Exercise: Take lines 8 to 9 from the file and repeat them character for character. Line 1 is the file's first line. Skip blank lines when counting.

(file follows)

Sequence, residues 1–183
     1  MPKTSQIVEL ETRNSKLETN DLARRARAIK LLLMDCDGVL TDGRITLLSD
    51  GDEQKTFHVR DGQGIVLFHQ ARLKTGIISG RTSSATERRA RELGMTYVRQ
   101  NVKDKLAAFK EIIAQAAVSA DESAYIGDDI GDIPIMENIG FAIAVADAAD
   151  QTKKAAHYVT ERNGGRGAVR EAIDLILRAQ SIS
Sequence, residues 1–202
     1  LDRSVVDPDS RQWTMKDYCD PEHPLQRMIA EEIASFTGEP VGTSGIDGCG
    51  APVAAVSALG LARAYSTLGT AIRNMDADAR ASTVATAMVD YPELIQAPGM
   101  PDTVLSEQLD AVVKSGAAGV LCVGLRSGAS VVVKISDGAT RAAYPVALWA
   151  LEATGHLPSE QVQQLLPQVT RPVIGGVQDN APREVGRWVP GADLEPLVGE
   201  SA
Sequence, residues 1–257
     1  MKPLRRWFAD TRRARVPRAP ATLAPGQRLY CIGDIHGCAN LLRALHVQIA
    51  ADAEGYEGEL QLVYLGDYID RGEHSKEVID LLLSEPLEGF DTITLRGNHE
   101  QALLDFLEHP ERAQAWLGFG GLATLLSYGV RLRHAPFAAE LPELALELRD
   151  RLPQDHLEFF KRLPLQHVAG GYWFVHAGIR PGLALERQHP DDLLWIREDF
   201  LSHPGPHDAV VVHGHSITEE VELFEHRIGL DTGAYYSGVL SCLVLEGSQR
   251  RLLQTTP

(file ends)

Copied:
    51  APVAAVSALG LARAYSTLGT AIRNMDADAR ASTVATAMVD YPELIQAPGM
   101  PDTVLSEQLD AVVKSGAAGV LCVGLRSGAS VVVKISDGAT RAAYPVALWA